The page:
April 21, 2006, Los Angeles, California. AP Television.
1. Wide of gas station signs and street traffic.
2. Close of gas prices on sign.
3. Close of man next to car/tilt down to fuel nozzle in car.
4. Close of gas pump price display.
May 3, 2006, San Dimas, California. AP Television.
5. Mid shot of Tom Gage getting into T-Zero electric concept car.
6. Close of Tom Gage in car.
7. Close of Gage fastening seat belt.
8. Close of T-Zero logo on car.
9. Close rear view of T-Zero.
10. Close of hand turning ignition.
11. Mid of T-Zero driving away.
12. Wide to close of T-Zero on highway.
13. Onboard view of T-Zero on highway.
14. Close of Tom Gage driving car.
15. Close of T-Zero steering wheel.
16. Wide of mechanic working on battery housing for Scion electric car.
17. Close of drill and battery housing.
18. Close of mechanic.
19. Mid of Scion car being converted to electric power,.
20. Close of Scion logo on car.
21. SOUNDBITE (English) Tom Gage, President/CEO. AC Propulsion.
"Well we looked at all of the compact cars that are on the market now. We wanted something that was pretty light and pretty cheap, but well equipped and had some visual appeal to it. And the Scion fit all of those bills. And the interior space is magnificent, it's like a limo in terms of interior space which means there's a lot of room for people and a lot of room for the batteries too."
22. Close of Scion interior showing location of electric motor battery housing.
23. Wide of technician working on electric motor battery pack.
24. Close of batteries.
25. SOUNDBITE (English) Tom Gage, President/CEO, AC Propulsion.
"Well a lot of people will argue with me. But I think what we're really looking for and what we need is high gas prices because it shows the people what the true value of transportation and driving around is. The fact that they're still willing to pay three and three dollars and fifty cents a gallon -- they might complain about it, but they pay it because it's worth it. And it goes to point out that what we need is a mix of fuels because we need gasoline for driving long trips, long distances across the country or for hauling freight. But you don't need it to move yourself and your family and your groceries around town. You can do that on electricity or on a number of other fuels."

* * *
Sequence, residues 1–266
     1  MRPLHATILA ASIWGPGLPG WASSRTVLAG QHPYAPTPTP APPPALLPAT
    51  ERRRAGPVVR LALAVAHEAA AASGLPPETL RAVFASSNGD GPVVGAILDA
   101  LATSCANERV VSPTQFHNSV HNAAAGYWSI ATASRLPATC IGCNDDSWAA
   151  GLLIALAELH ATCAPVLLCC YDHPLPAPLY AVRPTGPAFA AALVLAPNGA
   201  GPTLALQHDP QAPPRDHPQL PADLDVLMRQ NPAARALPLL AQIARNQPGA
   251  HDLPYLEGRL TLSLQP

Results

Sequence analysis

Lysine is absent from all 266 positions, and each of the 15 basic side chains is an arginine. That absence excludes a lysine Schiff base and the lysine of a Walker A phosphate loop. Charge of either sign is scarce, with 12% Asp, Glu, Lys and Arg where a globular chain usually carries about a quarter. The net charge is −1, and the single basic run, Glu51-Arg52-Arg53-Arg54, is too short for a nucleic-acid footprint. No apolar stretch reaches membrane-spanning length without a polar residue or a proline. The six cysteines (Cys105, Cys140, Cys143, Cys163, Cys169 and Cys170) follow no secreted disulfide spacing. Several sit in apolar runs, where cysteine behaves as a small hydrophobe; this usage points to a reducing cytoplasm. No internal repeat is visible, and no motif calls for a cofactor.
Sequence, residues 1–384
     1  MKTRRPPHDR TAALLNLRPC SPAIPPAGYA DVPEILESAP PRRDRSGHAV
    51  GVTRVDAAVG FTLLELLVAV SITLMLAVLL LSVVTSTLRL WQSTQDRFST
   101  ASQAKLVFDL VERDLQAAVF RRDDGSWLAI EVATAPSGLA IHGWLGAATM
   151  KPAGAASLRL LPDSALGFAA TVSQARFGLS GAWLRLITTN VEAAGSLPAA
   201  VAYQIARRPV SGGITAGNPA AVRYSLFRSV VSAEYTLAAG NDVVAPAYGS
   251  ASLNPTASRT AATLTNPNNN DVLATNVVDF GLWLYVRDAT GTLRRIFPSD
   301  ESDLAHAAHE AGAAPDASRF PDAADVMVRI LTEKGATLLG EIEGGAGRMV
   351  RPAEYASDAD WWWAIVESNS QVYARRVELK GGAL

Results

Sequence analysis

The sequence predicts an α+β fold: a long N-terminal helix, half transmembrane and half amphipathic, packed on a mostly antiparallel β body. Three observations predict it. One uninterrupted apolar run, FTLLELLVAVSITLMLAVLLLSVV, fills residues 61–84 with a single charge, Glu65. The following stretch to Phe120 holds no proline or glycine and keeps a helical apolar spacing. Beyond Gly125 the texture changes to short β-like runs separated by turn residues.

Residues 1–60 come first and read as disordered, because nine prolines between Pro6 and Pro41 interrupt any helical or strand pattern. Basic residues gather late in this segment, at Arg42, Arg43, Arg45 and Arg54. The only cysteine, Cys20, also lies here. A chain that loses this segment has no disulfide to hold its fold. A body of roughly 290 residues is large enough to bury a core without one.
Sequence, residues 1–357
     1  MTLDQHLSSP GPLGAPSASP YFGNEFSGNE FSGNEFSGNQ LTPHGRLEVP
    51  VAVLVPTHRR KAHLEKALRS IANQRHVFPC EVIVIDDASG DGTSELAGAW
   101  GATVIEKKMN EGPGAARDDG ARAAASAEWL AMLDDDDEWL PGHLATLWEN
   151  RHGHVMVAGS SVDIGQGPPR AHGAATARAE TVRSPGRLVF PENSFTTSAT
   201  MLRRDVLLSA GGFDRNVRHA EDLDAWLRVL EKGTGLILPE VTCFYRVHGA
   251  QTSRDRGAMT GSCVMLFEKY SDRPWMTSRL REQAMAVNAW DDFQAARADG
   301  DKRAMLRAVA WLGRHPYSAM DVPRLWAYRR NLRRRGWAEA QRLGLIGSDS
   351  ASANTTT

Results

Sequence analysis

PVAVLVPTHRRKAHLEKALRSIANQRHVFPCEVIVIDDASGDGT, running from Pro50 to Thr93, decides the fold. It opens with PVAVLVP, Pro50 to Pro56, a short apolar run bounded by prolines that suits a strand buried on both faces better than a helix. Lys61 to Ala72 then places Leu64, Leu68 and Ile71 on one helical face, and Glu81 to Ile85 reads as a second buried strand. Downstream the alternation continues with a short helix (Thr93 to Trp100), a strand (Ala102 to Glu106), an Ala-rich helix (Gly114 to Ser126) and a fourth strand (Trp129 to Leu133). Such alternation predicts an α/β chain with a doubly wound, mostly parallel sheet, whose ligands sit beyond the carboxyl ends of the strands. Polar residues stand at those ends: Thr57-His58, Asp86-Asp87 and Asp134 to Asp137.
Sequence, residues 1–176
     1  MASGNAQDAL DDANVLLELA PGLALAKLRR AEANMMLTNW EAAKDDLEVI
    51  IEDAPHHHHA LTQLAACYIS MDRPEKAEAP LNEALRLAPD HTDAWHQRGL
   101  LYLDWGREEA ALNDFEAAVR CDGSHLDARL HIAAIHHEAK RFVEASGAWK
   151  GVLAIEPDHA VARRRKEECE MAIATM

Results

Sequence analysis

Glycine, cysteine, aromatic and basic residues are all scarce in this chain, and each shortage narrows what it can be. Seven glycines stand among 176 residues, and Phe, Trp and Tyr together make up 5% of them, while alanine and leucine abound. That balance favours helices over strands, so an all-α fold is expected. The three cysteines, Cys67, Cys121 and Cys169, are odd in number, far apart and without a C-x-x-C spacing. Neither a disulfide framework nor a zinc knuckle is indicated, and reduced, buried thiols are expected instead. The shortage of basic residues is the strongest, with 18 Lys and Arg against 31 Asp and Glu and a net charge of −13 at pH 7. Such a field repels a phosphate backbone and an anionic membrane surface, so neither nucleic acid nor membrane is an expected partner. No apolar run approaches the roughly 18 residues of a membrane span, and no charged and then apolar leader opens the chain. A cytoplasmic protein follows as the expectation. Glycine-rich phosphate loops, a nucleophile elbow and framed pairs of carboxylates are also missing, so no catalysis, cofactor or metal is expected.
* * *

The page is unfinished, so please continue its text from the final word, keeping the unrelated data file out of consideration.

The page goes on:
26. Wide to close shot of T-Zero concept car on highway.
27. Mid shot of Gage and engineer/tilt down to mid shot of AC Propulsion electric motor to be used in Scion cars.
28. Wide to mid of T-zero car turning onto street.
29. Close interior view of T-zero on highway.
30. SOUNDBITE (English) Tom Gage, President/CEO, AC Propulsion.
"We have a clipping on one of our bulletin boards "Gas to hit $3.00 a Gallon", and it's taken from a paper dated 2001. So these things come and go, and it takes a long term shift and consumers have to be convinced that the price of gas is going to stay where it is."
31. Wide to close of T-Zero electric car on highway.
The rising price of petrol may have some drivers wondering if a car powered by conventional fuel is such a good idea.
Now a company in the United States is to launch a new series of electric cars which, it's claimed, will show that alternative fuel doesn't have to be slow and boring on the highway.
It wouldn't be the first time that car owners in America have pondered the possibility of getting from A to B with something other than gasoline.
The engineers at A-C Propulsion, near Los Angeles, are trying to help consumers longing for some relief on their pocket books.
The company's specialty is making cars that run on electricity.
Their aim is to make cars that go fast, and for a long periods of time, on electricity.
The firm's President, Tom Gage, gets behind the wheel of AC Propulsion's T-Zero concept car to prove the point that an electric powered car doesn't have to be slow and boring.
Gage says the sporty T-Zero's numbers are proof that an electric vehicle can really go.
In a 2003 competition, the T-Zero went from zero to 60 in three-point-six seconds, with a top speed of a hundred miles per hour.
The T-Zero averaged 300 miles on a single charge of its battery back.
Now, Gage and his team are putting the T-Zero's powerful package of electric technology into a car ready made for consumers.
They're transforming Toyota Scions from gas to electric-power, using an electric motor and battery system developed by AC Propulsion.
Gage says with the Toyota Scion, and the electric power package, the company believes they've got the right combination, a consumer-friendly car with highway speed and enough range for around-town driving.
Technicians at AC Propulsion are stripping down the Toyota Scions to make room for a lithium ion battery pack, the same batteries used in computer laptops, and for an electric motor.
Gage says it's really an effort to update an old idea, since electric cars are nothing new.
In the late 1890s, electric cars outsold gasoline cars ten to one.
By 1912 there were more than thirty eight -thousand electric cars on the roads, according to the Electric Auto Association.
But mass production of petrol cars took the lead long ago, leaving the future of electric cars in doubt.
Now, Gage says America's dependence on petrol may finally convince consumers to take an alternative look.
But Gage admits that convincing American consumers to go electric is still an uphill battle.
Even with a ready-to-go electric engine built with proven technology, and a car like the Toyota Scion that can hit speeds like the experimental T-Zero, Gage and his team know convincing the average consumer won't be easy.
It may not be the fast and furious T-Zero. But Gage and his team believe the electric Toyota Scion is a car consumers could drive.
He says the first of their electric powered Scion's should be ready to roll out the garage by early June
They hope to have a production line of about 10 Scions a month by early next year.